9: Modeling specific glue

Some parts have really shallow pegs/holes and can pop off easily so a dab of glue holds them in. It dries clear and is easy to wipe away any that oozes out. This kind also says it can be used for tiny windows on things like plane cockpits but I haven’t tried it. It’s also really easy to remove in case you mess up. The applicator tip is nice, too. Hobby stores will have this but craft stores might, too. If your area has a tabletop/wargaming store they should have it.

10: Cutting mat

If you buy an x-acto you absolutely need this. You won’t have to worry about gouging up the table and it can catch paint/glue drips, too. I’ve never used the rulers/guides on it but those are a nice bonus. Pick it up at your local craft store.

11: Bunch of sandpaper (not pictured)

The fancy thing is essentially Emory boards of different grit for models. Or you can go to the hardware store and just buy regular sandpaper and cut off pieces as needed. Glue it to a popsicle stick if oyu need to but a small piece folded up can get into smaller areas a lot more easy. One sheet of sandpaper is maybe a buck and if you shop in-store you can feel how fine it is. Have one that’s a little rough and one that’s a lot more smooth so you can make things nice and even.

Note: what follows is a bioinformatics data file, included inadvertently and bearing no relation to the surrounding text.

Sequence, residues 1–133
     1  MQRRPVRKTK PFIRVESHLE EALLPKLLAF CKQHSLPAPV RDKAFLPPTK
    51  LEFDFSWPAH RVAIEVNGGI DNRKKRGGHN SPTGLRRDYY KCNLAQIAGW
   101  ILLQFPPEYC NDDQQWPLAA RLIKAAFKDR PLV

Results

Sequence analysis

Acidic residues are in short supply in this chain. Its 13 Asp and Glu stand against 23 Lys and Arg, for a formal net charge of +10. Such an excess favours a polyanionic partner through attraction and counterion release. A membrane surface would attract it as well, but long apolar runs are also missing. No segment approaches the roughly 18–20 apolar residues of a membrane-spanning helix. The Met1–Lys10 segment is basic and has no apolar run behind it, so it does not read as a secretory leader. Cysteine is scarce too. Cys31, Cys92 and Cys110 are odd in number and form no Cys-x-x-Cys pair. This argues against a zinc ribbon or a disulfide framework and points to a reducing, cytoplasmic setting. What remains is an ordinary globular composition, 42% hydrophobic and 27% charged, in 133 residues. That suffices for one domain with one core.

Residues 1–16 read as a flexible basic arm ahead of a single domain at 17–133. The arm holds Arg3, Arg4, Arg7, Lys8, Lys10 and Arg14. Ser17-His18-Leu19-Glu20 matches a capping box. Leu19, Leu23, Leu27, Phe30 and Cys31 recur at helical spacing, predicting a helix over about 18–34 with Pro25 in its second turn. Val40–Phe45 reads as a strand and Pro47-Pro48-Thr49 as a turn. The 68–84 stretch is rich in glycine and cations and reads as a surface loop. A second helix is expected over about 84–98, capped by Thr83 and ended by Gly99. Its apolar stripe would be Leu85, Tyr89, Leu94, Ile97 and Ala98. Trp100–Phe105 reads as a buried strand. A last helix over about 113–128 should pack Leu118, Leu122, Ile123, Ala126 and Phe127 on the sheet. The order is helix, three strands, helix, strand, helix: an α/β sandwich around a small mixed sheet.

12: Batteries (not pictured)

Zoids Wild kits use a single AA battery. You’re not SUPPOSED to leave batteries in toys if you’re not playing with them but it’s not a huge deal. If you have a big collection then each having a battery all the time might get expensive but whether it’s worth the hassle to move the batteries around is up to you.

Final two things: I have a plastic box this all fits in, which then goes into a basket from IKEA along with the mat. The bowl is from Daiso and I put parts in them as I’m working. Kotobukiya kits sometimes have you build a section and then you won’t end up using it for a few more hours so having them somewhere safe helps me keep my space more organized. This is something you absolutely need with the HMM kits since there’s so many frames and parts. I tend to take up the entire kitchen table when building such a kit while everything else I can build at my computer desk.

Organization/storage of parts, projects and tools is good to have. Projects in progress, especially in the painting/detailing stages, I have in big bags with zippers like Ziploc bags or the kind you get at dispensaries. Ziploc ones are good since they’re clear and you can stick the manual in, too, for easy identification. Organization is highly personal since everyone tackles things differently; I live in an apartment and don’t have room for a dedicated hobby space, so everything needs to be put away at the end of the day. If you want to buy a toolbox/tacklebox to hold everything, go ahead! As you get more into this hobby your paint collection especially will grow and you’ll have to find something that works for your space.

Next part will be the tools you need for painting and details. Those are 100% optional and what I have isn’t a definitive list. There’s a ton of techniques I’m not using: I don’t have anywhere I can use an airbrush! It should serve as a good starting point and give you ideas of things you’d like to try.